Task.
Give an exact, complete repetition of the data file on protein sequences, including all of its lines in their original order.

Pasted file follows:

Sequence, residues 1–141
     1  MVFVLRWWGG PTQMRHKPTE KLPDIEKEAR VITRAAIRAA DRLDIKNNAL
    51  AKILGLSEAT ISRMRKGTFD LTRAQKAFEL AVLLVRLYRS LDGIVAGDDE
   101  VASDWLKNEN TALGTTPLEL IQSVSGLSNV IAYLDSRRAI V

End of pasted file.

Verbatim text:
Sequence, residues 1–141
     1  MVFVLRWWGG PTQMRHKPTE KLPDIEKEAR VITRAAIRAA DRLDIKNNAL
    51  AKILGLSEAT ISRMRKGTFD LTRAQKAFEL AVLLVRLYRS LDGIVAGDDE
   101  VASDWLKNEN TALGTTPLEL IQSVSGLSNV IAYLDSRRAI V